Get ready for another reorganisation!

Talking Rugby League with League Express editor Martyn Sadler

Get ready for another reorganisation!

It looks as though Super League will consist of only ten clubs from 2023, after going up to 14 clubs in 2022, if the proposal presented to the clubs on Friday comes to pass.

The RFL seems to have decided that relegation wouldn’t be fair this year, so Leigh Centurions are set for a reprieve.

But that doesn’t mean that promotion won’t happen and it appears that two clubs will be promoted to Super League, but only for the 2022 season.

On the face of it, the two clubs being promoted are likely to be Toulouse Olympique and Featherstone Rovers, who faced each other on Sunday, with Toulouse triumphing in front of an encouraging attendance of 4,021 spectators.

But both of those clubs, if they are promoted, will face an almighty battle in 2022, because four clubs will be relegated from Super League next year, to reduce the elite competition to ten clubs in 2023.
What a crazy year it will be in 2022!

Apparently all this has been strongly urged upon the RFL by Sky, who are said to be unhappy with the quality of some of the games they have covered in the last twelve months.

The new Sky contract will be for only two years and Sky have told the RFL that the governing body had better get its house in order if it wants a new contract from 2024.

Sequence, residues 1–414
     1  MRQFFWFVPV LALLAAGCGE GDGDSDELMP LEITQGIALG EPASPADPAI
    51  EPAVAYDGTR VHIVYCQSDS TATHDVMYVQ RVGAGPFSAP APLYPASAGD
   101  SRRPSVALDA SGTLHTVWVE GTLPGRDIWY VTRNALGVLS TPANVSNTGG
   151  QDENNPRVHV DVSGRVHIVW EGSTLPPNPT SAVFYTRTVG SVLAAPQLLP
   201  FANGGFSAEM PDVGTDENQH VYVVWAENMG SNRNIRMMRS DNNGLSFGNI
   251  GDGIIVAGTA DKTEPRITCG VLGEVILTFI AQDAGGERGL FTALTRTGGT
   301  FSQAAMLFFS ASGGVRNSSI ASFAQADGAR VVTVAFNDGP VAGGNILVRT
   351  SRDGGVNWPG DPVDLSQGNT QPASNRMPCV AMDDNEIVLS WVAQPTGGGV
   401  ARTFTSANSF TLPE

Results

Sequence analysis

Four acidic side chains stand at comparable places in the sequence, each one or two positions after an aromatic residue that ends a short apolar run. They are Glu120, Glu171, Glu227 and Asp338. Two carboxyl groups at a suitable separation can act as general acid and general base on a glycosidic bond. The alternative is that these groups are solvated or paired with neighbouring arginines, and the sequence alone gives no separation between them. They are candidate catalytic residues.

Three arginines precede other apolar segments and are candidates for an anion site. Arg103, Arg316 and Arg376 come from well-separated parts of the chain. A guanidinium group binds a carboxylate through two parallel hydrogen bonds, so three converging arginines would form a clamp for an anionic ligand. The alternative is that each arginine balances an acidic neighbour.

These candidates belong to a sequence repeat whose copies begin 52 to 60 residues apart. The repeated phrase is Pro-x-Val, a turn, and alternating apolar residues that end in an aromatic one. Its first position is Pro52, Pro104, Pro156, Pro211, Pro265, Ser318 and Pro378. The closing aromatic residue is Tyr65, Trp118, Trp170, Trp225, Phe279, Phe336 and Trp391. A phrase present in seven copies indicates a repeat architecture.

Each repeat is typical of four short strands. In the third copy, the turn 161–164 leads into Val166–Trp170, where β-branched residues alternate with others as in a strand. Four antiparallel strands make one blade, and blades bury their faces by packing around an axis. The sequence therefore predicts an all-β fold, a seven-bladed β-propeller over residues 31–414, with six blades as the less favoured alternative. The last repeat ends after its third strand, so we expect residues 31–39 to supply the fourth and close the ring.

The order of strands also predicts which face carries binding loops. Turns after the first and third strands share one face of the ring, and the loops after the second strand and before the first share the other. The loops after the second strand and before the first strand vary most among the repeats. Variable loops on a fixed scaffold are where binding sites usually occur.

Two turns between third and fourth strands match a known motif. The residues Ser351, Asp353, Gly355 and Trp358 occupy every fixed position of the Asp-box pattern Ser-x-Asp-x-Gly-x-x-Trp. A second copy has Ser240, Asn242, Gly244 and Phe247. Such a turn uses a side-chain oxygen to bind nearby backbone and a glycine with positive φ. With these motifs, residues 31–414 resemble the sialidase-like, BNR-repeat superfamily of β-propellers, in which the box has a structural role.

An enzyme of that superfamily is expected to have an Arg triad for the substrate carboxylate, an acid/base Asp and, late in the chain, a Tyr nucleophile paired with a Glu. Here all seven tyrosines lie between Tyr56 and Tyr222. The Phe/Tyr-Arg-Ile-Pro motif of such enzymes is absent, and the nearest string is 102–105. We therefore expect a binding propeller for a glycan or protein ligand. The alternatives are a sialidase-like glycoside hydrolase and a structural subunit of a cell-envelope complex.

So a reduction to ten clubs in Super League is the way to get more competitive matches, so the theory goes.

Unfortunately I think that’s a false premise.

Rugby League is a sport in which it is remarkably difficult to predict which matches will be one-sided, and which ones won’t be.

For example, it wasn’t too hard to predict that Wigan would beat Leigh convincingly on Sunday.

But who would have predicted Salford running up 70 points against Castleford last month in the week before Wembley?

If we were to take the top ten current clubs in Super League, we would still have some clubs that are perceived as significantly weaker than the rest. So would that mean we should reduce the number even further?

I can understand that the RFL might want to react to the message from Sky, but my fear is that this change would weaken Super League rather than strengthen it.

There comes a point where the number of clubs in a competition can be reduced so much that it become boring watching the same old clubs playing against each other time and time again.

To a great extent that has been Super League’s problem for much of its existence.

It’s the same few clubs winning all the time.

Until all the other clubs can develop Academy systems that emulate those of St Helens, Wigan and Leeds, I’m afraid that trend is likely to continue.

On learning at the end of last week about the proposal being put forward at two separate meetings of clubs I put out a series of tweets on Twitter expressing my reaction to the news.

It’s appropriate to repeat that content in this column for anyone who hasn’t read it already.